February 8, 2019
|Word of the
|Definition--in many languages, a
system of dividing nouns and pronouns into different classes, often, but
not necessarily, related to the sex of the persons and things denoted; the
condition of being male or female, one's sex.|
|Discussion--In modern American
society, the word "gender" has come to denote the cultural and societal
(as opposed to biological) categories of man and woman. The word "sex," on
the other hand, generally refers to the physiological distinction between
these two groups.
The word "gender" is often seen as a component of terms like "gender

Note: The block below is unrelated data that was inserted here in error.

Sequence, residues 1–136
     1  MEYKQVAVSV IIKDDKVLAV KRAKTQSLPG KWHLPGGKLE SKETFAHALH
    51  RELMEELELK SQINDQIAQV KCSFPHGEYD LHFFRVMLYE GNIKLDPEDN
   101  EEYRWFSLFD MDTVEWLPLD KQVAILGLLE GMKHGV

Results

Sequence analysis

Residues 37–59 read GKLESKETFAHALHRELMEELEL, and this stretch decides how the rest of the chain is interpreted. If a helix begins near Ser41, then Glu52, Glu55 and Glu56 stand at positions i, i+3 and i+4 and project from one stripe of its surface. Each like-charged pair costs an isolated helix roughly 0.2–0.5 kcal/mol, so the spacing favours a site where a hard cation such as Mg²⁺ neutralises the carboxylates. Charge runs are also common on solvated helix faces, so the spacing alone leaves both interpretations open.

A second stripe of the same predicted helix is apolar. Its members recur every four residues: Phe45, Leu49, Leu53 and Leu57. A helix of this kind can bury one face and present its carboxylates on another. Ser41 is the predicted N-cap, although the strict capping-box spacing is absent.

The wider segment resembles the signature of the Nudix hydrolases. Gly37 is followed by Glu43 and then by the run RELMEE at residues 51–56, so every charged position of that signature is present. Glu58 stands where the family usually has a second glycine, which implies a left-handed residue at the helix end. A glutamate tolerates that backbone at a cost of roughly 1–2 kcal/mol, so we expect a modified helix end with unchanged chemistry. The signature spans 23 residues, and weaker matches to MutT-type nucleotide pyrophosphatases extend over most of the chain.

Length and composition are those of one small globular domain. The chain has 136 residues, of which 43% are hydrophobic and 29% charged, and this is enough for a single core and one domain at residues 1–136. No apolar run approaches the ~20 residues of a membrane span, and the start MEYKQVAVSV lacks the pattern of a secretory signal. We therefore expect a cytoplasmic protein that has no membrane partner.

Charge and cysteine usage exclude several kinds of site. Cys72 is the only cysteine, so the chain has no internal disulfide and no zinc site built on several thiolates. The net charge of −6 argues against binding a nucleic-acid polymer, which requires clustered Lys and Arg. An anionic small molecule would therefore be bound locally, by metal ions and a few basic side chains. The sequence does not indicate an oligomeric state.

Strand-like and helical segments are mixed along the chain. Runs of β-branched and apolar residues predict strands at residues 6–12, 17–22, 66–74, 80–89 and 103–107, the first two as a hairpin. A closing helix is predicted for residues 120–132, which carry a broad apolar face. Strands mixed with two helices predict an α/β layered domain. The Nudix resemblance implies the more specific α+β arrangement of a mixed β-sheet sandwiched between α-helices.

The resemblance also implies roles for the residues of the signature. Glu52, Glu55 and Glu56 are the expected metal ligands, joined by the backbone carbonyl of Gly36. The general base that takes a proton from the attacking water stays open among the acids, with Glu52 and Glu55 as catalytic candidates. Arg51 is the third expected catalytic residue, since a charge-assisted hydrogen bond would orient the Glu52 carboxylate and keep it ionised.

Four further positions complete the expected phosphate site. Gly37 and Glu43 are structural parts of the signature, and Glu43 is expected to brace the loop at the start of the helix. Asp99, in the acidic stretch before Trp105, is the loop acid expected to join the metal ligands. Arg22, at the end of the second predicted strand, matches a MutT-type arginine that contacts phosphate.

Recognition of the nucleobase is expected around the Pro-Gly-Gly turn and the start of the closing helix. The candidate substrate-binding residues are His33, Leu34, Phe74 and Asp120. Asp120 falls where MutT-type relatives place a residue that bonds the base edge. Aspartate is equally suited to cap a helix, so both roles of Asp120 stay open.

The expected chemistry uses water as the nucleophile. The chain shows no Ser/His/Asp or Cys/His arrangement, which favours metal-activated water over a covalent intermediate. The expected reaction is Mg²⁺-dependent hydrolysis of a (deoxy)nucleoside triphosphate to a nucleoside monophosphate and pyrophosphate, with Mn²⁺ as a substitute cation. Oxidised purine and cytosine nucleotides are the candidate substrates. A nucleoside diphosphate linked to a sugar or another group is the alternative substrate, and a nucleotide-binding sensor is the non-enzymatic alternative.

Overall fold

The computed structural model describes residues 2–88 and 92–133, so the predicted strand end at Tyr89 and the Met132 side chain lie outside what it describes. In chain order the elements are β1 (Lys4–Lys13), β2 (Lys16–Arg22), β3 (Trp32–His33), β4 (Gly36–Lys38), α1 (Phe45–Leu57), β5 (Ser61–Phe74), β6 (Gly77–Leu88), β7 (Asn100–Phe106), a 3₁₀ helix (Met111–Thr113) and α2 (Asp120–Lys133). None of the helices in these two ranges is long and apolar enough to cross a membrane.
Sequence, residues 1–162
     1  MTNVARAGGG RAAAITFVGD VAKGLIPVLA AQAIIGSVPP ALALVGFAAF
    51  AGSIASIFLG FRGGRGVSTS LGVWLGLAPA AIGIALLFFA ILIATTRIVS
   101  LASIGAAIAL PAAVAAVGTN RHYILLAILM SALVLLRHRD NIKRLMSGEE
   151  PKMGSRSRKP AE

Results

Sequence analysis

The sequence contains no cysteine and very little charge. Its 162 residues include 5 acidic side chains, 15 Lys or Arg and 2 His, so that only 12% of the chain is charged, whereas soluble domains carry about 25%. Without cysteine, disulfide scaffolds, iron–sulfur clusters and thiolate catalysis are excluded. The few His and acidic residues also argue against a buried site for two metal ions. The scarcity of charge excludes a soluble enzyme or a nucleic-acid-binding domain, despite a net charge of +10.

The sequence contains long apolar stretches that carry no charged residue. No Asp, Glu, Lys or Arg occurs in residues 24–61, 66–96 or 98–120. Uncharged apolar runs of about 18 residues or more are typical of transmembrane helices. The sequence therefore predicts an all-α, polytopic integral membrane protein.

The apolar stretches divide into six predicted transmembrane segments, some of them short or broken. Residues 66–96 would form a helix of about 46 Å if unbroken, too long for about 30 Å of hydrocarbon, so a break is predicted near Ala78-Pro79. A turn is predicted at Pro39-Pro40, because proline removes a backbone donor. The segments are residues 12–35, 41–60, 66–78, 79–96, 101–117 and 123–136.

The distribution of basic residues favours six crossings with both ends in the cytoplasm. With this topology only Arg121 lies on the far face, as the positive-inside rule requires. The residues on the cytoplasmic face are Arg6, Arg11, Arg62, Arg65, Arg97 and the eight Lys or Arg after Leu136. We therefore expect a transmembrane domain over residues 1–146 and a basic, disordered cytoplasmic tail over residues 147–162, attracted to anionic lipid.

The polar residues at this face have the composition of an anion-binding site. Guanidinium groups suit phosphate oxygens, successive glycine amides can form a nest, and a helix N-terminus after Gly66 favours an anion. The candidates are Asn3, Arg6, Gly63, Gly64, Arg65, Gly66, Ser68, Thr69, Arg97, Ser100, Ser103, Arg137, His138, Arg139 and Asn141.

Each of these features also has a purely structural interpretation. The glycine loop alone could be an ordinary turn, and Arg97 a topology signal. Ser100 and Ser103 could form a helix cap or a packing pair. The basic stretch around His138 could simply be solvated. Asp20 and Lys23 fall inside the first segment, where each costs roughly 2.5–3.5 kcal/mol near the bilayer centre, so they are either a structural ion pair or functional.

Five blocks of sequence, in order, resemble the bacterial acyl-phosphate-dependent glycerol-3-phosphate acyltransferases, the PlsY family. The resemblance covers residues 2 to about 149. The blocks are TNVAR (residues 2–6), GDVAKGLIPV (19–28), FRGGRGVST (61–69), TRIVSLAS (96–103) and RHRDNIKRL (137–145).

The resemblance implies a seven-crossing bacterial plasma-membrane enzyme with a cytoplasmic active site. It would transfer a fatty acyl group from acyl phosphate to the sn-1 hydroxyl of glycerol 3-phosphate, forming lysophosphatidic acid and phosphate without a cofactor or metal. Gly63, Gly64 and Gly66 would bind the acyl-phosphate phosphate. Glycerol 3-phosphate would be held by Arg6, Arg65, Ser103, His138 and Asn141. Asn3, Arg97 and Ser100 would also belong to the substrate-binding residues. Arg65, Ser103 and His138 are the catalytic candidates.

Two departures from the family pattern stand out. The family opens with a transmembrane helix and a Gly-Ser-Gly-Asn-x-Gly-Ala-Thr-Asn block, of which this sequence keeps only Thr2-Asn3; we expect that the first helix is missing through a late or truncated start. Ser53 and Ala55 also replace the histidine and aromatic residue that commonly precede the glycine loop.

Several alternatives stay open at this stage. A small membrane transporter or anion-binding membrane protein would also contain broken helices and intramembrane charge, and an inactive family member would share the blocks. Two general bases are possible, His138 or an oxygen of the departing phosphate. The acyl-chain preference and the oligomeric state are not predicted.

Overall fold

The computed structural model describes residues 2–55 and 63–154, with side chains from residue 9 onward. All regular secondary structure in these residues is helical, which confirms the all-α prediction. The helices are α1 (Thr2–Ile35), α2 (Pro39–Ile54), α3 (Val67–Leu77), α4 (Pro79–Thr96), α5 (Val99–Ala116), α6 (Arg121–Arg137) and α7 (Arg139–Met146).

roles," "gender issues" and "gender discrimination." These terms all refer
to societal constructs. However, "gender" is also the root of the word
"engender," which means "to bring into existence" or "to procreate." This
gets back to the biological state "of being male or female," and the
physical union of the sexes.
|Etymology--The term gender is
borrowed from the stem of the Latin genus, meaning kind or sort.
"Gender" first referred to a grammatical class of nouns, pronouns and
verbs. Later, it took on the meaning of kind, sort or class of individuals
French, German, Italian and Spanish below show similar roots.
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